Customer Relations: the fantastic opportunity of after-sale service
Two questions for FX Poels – Founder and CEO of ‘Approche sur Mesure’
In recent months, through personal experiences or testimonies that have been reported to me, I have had the confirmation that many luxury brands keep mismanaging after-sale service. When the customer comes back to the brand with a claim, it is first considered as ‘guilty’: misuse of the product, accident, etc., all the assumptions that may clear the brand’s responsibility are made before taking the problem into account. Then, it often takes several weeks before the customer receives the product repaired (or exchanged). Why are we still there? And how to convince brands to change their practices in this regard?
The story of Louboutin cosmetics: an original launch
On October 13, the International Luxury Business Association brought together a small group of luxury leaders for a gourmet dinner prepared by Yannick Alléno’s teams in the Pavillon Ledoyen he recently took over. The dinner was accompanied by a fine wines tasting session orchestrated by FICOFI, an expert on the subject! The evening was an opportunity for many to get acquainted, for certain to get back in touch and for all to exchange business cards with the promise to talk again soon, which has already happened to some participants.
The dinner was preceded by the presentation of the new line of cosmetics by the COO of Christian Louboutin brand, Alexis Mourot, the inspiring story of an original approach to the extension of a brand’s territory.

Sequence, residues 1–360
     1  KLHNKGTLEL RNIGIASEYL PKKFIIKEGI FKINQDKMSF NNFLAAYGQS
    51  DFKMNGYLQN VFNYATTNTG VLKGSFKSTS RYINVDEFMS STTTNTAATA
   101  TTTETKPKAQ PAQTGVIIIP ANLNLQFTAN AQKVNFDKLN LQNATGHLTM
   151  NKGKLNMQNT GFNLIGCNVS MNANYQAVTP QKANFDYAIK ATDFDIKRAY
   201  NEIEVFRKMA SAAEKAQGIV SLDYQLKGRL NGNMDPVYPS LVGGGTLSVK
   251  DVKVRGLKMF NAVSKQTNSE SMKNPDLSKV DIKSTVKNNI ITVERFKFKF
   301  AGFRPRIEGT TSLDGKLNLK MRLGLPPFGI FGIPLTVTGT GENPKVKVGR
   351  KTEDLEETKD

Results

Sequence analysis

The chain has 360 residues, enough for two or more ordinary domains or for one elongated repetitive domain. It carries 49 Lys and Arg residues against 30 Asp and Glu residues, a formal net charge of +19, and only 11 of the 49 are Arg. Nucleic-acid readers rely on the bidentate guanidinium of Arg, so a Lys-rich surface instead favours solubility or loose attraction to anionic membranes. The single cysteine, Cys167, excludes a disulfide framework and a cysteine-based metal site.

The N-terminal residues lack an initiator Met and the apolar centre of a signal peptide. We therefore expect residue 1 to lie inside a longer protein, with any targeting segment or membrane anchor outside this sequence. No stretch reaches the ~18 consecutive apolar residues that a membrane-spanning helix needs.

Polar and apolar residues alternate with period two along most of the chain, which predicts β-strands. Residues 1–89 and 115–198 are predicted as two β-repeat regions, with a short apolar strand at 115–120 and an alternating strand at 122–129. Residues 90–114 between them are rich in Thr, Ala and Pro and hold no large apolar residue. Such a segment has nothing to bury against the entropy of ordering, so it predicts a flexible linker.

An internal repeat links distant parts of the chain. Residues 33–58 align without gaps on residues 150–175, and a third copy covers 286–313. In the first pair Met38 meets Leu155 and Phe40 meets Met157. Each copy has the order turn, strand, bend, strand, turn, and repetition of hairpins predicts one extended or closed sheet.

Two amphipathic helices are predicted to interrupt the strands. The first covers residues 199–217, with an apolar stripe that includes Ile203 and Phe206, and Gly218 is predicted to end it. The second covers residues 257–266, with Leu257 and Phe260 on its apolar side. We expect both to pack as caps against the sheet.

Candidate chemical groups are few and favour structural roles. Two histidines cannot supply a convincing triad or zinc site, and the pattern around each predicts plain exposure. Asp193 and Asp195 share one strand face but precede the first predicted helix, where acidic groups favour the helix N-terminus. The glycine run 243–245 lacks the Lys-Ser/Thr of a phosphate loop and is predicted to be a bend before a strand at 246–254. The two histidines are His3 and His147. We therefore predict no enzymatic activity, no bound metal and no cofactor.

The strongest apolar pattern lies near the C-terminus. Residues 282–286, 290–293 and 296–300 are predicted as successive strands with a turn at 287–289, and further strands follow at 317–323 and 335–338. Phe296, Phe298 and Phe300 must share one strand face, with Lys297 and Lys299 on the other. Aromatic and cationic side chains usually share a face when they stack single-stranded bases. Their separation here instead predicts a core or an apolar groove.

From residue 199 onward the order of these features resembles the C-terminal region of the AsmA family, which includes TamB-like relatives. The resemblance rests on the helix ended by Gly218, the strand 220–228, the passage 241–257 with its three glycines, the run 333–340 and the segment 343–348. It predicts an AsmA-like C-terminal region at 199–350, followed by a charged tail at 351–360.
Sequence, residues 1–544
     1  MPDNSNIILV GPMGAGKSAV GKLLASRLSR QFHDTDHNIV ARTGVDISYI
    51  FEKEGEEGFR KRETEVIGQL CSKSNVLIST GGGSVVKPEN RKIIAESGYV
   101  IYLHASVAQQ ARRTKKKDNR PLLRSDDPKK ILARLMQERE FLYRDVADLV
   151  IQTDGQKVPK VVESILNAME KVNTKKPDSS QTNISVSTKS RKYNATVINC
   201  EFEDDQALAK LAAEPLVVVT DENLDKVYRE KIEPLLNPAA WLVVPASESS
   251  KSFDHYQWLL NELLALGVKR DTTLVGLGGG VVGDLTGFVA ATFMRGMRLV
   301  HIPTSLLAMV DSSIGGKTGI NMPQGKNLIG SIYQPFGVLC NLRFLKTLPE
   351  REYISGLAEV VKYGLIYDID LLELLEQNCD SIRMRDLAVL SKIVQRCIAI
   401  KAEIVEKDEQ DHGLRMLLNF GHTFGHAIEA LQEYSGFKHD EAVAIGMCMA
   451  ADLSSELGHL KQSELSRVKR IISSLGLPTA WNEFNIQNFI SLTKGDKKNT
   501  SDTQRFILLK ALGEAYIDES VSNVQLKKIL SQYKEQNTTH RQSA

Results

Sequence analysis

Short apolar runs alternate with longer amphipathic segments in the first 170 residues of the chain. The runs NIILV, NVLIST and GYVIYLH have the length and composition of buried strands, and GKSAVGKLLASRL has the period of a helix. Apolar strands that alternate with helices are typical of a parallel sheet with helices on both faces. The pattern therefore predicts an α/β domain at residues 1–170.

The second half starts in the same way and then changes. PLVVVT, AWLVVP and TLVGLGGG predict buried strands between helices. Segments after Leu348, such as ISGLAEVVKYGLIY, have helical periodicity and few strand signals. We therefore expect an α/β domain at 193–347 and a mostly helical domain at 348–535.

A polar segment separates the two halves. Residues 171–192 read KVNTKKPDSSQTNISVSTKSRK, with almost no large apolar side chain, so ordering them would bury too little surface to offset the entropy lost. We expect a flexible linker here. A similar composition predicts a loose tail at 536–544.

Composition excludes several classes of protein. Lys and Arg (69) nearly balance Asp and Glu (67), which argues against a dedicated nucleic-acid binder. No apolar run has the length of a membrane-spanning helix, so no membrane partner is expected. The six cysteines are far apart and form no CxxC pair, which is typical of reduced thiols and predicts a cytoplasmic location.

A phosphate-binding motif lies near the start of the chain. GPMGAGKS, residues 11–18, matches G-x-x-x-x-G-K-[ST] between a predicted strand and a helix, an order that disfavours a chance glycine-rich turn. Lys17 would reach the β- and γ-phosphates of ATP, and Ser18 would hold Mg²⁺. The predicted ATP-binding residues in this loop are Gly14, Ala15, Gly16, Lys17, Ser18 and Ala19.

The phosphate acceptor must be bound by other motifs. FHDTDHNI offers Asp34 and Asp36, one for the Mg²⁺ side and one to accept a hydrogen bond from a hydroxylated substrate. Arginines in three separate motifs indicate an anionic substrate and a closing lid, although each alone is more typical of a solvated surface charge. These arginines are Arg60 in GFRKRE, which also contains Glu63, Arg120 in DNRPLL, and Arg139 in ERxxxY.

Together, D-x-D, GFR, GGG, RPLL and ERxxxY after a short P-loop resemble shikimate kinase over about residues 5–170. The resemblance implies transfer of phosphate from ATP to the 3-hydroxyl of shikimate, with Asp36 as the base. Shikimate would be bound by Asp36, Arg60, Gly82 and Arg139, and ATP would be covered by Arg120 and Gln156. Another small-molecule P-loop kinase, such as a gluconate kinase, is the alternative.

3 questions to Olivier Schaeffer – Global COO – SEPHORA
The International Luxury Business Association launches a new section of its website, which will regularly give voice to its members and more widely to industry leaders willing to briefly share some key points of their strategy. Many thanks to Olivier Schaeffer, the Global COO of Sephora, the first who accepted the invitation!
American brands: should European brands ignore them or be inspired by them?
In May 2014, the International Luxury Business Association organized a debate around the notion of ‘ French Art de Vivre ‘ which allowed addressing various issues and, among others, emphasizing once again the difference in approach between American brands and European brands.
Obviously the topic is not new. Nevertheless, the success of Coach in Asia a few years ago and Michael Kors’ tremendous expansion today are not without consequences for European luxury brands. Indeed, Coach was able to capture some of the customers of these brands in Asia, and Michael Kors has quickly raised the enthusiasm of many Europeans or Asians consumers. Thus, it seems meaningful to analyze their strategies, although many will argue that these are not luxury brands. But on this point, only the consumers’ perception counts and Americans put Coach ahead of Chanel and Louis Vuitton among brands spontaneously associated with luxury, in the 9th position, just after Gucci. Moreover, Michael Kors, a relatively newcomer on this market has appeared in the same ranking in 2013 and is not far behind Hermes! (Source: World Luxury Tracking 2013)).
The question is therefore to try to understand how these brands are succeeding in becoming aspirational not only to Americans but also to a number of the Asian and European consumers, knowing that these two examples are not isolated. Indeed, one could point to some relatively new brands such as Kate Spade, Tory Burch, Marc Jacobs, and there exist other ones less known today, but that could become popular as well…
As a matter of fact, after Tiffany, Estee Lauder and Ralph Lauren, the elders, which remained isolated examples of US brands’ success on the high end for a long time, American marketers are more and more present on this segment today and create brands that appeal to their consumers but also know how to export them and are increasingly challenging the hegemony of European luxury brands.